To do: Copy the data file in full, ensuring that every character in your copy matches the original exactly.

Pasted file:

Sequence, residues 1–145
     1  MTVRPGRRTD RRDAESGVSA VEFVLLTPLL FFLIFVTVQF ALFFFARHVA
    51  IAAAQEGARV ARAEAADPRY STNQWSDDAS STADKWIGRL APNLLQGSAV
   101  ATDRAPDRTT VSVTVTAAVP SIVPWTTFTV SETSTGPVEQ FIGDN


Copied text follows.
Sequence, residues 1–145
     1  MTVRPGRRTD RRDAESGVSA VEFVLLTPLL FFLIFVTVQF ALFFFARHVA
    51  IAAAQEGARV ARAEAADPRY STNQWSDDAS STADKWIGRL APNLLQGSAV
   101  ATDRAPDRTT VSVTVTAAVP SIVPWTTFTV SETSTGPVEQ FIGDN